GT Racing 2: The Real Car Experience, is an apt name for a game that does motor racing simulation as well as this. Have all the fun, without having to deal with real world issues - that is one premise which makes or breaks a game. Unlike Gameloft’s previous successful game title, Asphalt 8: Airborne, GT Racing 2 walks a different path. While Asphalt was all about crazy driving, thrills and powerful graphics, GT Racing is very different, as it is supposed to be. With the only similarity being the brilliant graphics.
With the latest iteration, Gameloft has ensured that the title takes the evolutionary next step with respect to range of cars, tracks, interface and user involvement.
GT Racing 2 isn’t anything like the street racing games out there, and the essence is completely different. It is about more realistic physics, real world cars licensed and replicated in the game with as close to genuine dynamics as possible.
Start playing the game, and the load times seem very similar to the Real Racing 3 title. You start off with a bunch of the lowest rung cars, and can make your way through a series of eligible events, called campaigns. Different campaigns happen on different circuits or tracks, which include famous ones like Laguna Seca. Along the way, you will graduate to more expensive cars, which keep getting more and more exotic as you move along.
You don’t really have too many options to play around with the settings of the car, except that you can upgrade components using the in-game cash. This is where the entire debate about the in-game purchases comes into the picture. Pay anything upwards for Rs 110, in various slabs, and you can buy in-game currency that will quicken the progress. This is pretty similar to what Real Racing 3 allows you to do, with the freemium method allowing in-game purchases to enhance progress. While there is no harm in having a shortcut to get to the next level, this does prove rather enticing for a lot of gamers, who then avoid the longer and more patient route, for the lure of quick results. Again, it is a subjective matter whether someone gets enticed by it or not, but if one does, then it takes away from the entire experience of natural progression.
Once you are on the track, with the car, all these foibles can easily be forgotten, because the experience is fantastic. In some ways, it is an improvement over the already excellent Real Racing 3. Cars are extremely detailed and realistic, and tracks as well as the landscape look rich with elements. While this wasn’t always visible in Real Racing 3 in this detail, the different textures and colours of the track surface make GT Racing 2 a visual delight. And that is just one example of the brilliant graphics. Car handling is pretty much at par in both games, which make both quite appealing to the casual gamer as well.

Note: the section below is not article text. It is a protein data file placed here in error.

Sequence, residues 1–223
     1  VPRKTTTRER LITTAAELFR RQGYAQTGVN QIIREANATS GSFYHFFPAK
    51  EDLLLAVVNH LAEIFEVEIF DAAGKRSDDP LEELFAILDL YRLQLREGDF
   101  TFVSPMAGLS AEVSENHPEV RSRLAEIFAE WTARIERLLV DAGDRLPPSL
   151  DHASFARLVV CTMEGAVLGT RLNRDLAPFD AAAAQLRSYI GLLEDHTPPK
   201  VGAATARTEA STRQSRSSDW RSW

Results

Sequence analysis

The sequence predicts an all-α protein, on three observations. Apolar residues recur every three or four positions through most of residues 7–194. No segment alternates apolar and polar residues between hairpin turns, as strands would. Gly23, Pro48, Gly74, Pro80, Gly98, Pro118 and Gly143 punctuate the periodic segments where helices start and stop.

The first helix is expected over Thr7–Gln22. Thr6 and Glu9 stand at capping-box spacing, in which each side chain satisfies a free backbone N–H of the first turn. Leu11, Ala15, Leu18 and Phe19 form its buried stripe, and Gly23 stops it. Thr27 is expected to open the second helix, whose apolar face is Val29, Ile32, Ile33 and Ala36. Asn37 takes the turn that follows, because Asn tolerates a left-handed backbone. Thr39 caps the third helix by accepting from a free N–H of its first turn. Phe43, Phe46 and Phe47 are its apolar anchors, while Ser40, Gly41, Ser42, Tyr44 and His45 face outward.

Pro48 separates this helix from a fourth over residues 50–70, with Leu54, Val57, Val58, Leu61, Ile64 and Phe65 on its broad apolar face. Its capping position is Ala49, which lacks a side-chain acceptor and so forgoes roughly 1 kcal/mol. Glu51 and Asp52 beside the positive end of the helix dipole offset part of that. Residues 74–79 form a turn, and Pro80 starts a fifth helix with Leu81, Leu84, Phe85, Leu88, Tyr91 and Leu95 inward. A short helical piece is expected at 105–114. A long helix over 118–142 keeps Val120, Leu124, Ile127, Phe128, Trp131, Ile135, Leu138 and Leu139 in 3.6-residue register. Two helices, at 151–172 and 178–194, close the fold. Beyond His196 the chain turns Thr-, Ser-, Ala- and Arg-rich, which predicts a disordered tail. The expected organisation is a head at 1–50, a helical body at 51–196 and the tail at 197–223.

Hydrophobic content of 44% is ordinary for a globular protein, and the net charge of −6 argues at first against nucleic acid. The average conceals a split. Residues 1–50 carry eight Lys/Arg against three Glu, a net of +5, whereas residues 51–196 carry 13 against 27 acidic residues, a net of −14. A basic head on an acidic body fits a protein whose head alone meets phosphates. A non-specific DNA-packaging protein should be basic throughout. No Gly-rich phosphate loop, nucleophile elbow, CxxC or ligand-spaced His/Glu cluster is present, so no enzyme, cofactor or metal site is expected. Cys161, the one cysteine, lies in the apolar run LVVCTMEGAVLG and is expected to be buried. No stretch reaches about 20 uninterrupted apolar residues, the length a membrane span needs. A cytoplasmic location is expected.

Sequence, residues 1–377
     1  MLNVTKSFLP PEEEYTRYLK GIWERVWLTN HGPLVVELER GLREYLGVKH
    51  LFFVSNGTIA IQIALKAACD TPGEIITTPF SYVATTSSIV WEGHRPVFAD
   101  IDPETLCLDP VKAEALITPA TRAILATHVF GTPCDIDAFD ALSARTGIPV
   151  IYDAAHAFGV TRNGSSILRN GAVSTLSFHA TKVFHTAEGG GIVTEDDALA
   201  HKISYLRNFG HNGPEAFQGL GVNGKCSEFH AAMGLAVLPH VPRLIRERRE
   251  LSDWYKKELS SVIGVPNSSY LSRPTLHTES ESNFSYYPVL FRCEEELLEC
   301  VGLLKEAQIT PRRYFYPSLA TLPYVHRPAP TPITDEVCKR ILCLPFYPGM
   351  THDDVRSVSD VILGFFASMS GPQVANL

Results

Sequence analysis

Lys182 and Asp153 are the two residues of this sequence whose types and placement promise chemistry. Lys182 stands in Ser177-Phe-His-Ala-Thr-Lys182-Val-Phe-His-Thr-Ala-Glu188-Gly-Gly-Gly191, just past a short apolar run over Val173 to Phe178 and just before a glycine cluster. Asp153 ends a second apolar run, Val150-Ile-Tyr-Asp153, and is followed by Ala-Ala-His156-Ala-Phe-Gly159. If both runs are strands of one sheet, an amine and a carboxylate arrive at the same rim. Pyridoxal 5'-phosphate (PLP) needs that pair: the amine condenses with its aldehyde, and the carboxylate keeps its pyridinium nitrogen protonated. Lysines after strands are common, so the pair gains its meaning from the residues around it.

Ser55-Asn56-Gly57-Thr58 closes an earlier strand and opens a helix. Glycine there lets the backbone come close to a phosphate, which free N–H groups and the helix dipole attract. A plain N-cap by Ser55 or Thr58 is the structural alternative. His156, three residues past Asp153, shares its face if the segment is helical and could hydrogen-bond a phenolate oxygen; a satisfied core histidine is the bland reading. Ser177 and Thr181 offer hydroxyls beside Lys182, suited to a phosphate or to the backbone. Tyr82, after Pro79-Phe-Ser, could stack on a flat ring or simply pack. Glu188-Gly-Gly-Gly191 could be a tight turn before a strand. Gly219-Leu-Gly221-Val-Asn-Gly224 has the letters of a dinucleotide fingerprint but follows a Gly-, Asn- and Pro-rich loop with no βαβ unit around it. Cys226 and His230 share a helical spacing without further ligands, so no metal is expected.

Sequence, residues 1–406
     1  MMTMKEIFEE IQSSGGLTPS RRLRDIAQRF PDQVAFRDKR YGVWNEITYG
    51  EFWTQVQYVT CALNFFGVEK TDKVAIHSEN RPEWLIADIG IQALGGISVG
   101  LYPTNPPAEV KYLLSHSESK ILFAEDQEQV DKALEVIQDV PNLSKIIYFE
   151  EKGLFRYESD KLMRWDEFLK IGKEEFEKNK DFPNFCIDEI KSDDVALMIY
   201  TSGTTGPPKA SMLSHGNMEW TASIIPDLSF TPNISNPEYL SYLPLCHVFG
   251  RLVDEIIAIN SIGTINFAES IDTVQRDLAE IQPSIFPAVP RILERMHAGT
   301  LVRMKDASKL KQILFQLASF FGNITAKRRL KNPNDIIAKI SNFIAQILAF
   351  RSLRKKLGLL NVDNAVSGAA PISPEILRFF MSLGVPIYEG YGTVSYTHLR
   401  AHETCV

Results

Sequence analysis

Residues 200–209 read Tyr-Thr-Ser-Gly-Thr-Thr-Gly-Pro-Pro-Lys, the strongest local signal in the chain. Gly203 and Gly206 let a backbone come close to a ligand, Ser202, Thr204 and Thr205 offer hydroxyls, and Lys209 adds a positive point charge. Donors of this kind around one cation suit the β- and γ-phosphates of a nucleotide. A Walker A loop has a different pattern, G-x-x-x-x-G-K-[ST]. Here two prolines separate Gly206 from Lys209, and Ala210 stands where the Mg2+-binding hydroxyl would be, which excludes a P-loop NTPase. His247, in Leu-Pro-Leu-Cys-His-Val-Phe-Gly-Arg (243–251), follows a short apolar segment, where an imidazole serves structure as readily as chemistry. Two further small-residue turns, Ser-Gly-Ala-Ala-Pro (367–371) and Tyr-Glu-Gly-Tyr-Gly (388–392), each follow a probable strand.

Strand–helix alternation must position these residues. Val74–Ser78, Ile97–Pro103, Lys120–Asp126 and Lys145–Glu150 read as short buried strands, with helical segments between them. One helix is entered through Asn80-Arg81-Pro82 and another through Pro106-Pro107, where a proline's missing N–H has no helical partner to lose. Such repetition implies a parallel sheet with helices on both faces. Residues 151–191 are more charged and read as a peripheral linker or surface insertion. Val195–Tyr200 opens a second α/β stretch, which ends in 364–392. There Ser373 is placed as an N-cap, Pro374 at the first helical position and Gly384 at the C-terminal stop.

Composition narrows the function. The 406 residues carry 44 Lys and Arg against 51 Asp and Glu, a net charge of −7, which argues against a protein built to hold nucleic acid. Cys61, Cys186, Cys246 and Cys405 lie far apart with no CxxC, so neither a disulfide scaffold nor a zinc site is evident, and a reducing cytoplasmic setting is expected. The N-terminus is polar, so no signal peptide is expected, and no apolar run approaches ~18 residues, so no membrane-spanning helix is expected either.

While Real Racing 3 disappointed in terms of car service and repair times, GT Racing 2 does the same for any upgrades you wish to install. This could be anywhere between 10 minutes to 2.5 hours. You can bypass that using the in-game currency, but if you happen to not have some in the bank, the wait is long and torturous. Thankfully though, GT Racing 2 does not have the damage and repair procedure after every race like Real Racing 3, which was also a time consuming process.
For anyone who doesn’t wish to graduate through the levels to get to their favorite car, let's say the Nissan GT-R or the Bugatti Veyron, will have to pay big bucks to buy the in-game currency to unlock the vehicle. If we look at the example of Veyron, for example, you need to be on level 2127 (marked with stars) to unlock it. Or, pay 5772 of the in-game money. For this, you will have to buy the 7500 package from the in-game store, which costs Rs 2,700.
Overall, GT Racing 2 is a great title. It has a lot going for it, which is extremely critical. The game is free to download, but the freemium aspect does stretch the progress times a tad more than would be ideal. Or you can just splash the cash. However, the bunch of licensed cars are extremely detailed, and the circuits look brilliant. We tested this game on an Apple iPad (3rd generation), and the gameplay was absolutely smooth. If you have newer hardware, the experience will certainly be better. This is a must download game for your iOS device, with or without getting into the debate of the in-app purchases.
GT Racing 2 is also available to download for free on Android.
Compatibility: iPhone 4, iPhone 4S, iPhone 5, iPod touch (4th generation), iPod touch (5th generation), iPad 2 Wi-Fi, iPad 2 Wi-Fi 3G, iPad (3rd generation), iPad Wi-Fi 4G, iPad (4th generation), iPad Wi-Fi Cellular (4th generation), iPad mini and iPad mini Wi-Fi Cellular. Requires iOS 4.3 or later.